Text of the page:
Only live to a great age and you can become a hero. For much of his life, I.F. Stone was a marginal figure in American journalism, neither persecuted nor impoverished but sometimes harassed by the government and ignored by the respectable press. By the time he died in 1989 at the age of 81, he was a national treasure: “Iconoclast to Icon,” as Myra MacPherson puts it in her new biography of one of the most fascinating and controversial American journalists of the past century.
Always “Izzy” to those who knew him, he was born Isador Feinstein in Philadelphia in 1907, a child of the great immigration from the shtetl. In 1938, he changed his name to the snappier version by which he became famous. Maybe this reviewer should be gratified that he once wrote as “Geoffrey Stone,” though one can only share Ms. MacPherson’s relief that he didn’t formally adopt “Geoffrey Duprion” as his name. The change to Stone was for convenience rather than to conceal his origins, which would have been absurd: “Good God, I look like a Jewish bullfrog,” he said while watching himself on television.
Whatever else in Izzy’s blood, there was surely printer’s ink. He produced his first newspaper at 14, quoting from Antigone and cheering Gandhi. By the time he reached the University of Pennsylvania, he was already moonlighting many hours a day at a local paper’s office, and he soon dropped out of college. In the 1930’s, he worked at the Philadelphia Record as an editorial writer before moving to New York and the Post, then to Washington as correspondent for The Nation, and he spent the rest of his life in the capital.
He was always a passionate man of the left, and thereby hang several problems for his biographer. An ardent New Dealer and Popular Fronter in the 1930’s, he worked in the 1940’s for PM, the New York newspaper that lasted less than the duration of that decade, and he supported Henry Wallace in his Presidential campaign in 1948. Both paper and campaign were infested by open and covert Communists.
One newspaper after another folded until, having written a cranky book about the Korean War that put the blame on South Korea, Stone began his own newssheet and found his destiny. From an initial 5,000 subscribers in 1953, I.F. Stone’s Weekly reached 70,000 before his health forced him to cease publication in 1971, by which time he was writing longer essays elsewhere, notably for The New York Review of Books.
He might have inspired an outstanding biography, but this is not it. All Governments Lie! is, to put it very gently, less than neatly constructed or elegantly written. Ms. MacPherson forgets two basic principles: The reader does not want to know everything the author knows, and general history should not be written under the guise of biography. Very many pages are devoted to historical background that could have been dealt with much more succinctly.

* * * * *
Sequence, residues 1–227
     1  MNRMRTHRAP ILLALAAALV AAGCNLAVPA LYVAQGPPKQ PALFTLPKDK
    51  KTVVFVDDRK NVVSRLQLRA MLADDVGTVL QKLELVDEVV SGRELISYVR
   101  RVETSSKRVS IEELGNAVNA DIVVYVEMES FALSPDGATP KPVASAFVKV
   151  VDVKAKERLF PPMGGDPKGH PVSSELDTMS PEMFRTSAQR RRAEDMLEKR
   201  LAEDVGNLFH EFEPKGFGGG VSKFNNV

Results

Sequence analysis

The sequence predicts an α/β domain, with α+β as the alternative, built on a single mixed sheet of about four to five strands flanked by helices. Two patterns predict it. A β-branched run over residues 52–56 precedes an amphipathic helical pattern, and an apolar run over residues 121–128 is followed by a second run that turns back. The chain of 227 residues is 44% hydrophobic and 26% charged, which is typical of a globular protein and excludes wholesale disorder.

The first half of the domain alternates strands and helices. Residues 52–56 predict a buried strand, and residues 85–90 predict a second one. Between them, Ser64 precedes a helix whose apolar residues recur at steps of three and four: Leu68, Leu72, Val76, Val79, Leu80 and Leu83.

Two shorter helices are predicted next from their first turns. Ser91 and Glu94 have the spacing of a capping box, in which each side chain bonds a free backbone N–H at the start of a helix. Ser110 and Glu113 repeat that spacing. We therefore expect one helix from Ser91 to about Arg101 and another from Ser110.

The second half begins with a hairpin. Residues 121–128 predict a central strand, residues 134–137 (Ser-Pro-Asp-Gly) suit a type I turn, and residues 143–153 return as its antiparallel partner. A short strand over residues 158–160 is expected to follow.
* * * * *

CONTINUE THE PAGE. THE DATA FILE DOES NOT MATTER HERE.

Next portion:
A number of curious stylistic tics have infected American writing. There’s the Missing Article (“biographer Ron Steel”; “journalist Richard Rovere”), and there’s the Needless Inversion (“recalled Madeline Amgott”; “a watershed tragedy for Stone was the Spanish Civil war”). On occasion the two are combined (“wrote author James Wechsler”). And while she supposes that “flaunted” means “flouted,” Ms. MacPherson has an unhappy penchant for fine writing: “the whipped-cream emptiness of the twenties”; “His heart heavy, Stone wept at war’s end”; “the continuing train wreck of Nazism seemed unstoppable.” (Doesn’t a train stop when it’s wrecked?) One chapter ends portentously, “Stone’s personal future was as uncertain as that of the world,” and then another, “Stone’s future seemed as chilly as that cold November night.” But it’s a labor of love, so let it pass.
Was Izzy a nice guy? When I met him in Washington toward the end of his life, he seemed the epitome of charm, but colleagues had earlier found him cantankerous, humorless and, if they were women, sexist. Maybe the best verdict is his own: As a kid he was “a cocky son-of-a-bitch”—and he remained that in some measure all his life.
Was he a Communist? The accusation has been raised on the right, during his lifetime by James Wechsler, and since by Ann Coulter (what a babe) among others, who now flourish—flaunt? flout?—the Venona transcripts of Soviet intelligence traffic, in which Stone appears to be mentioned as an “agent of influence.”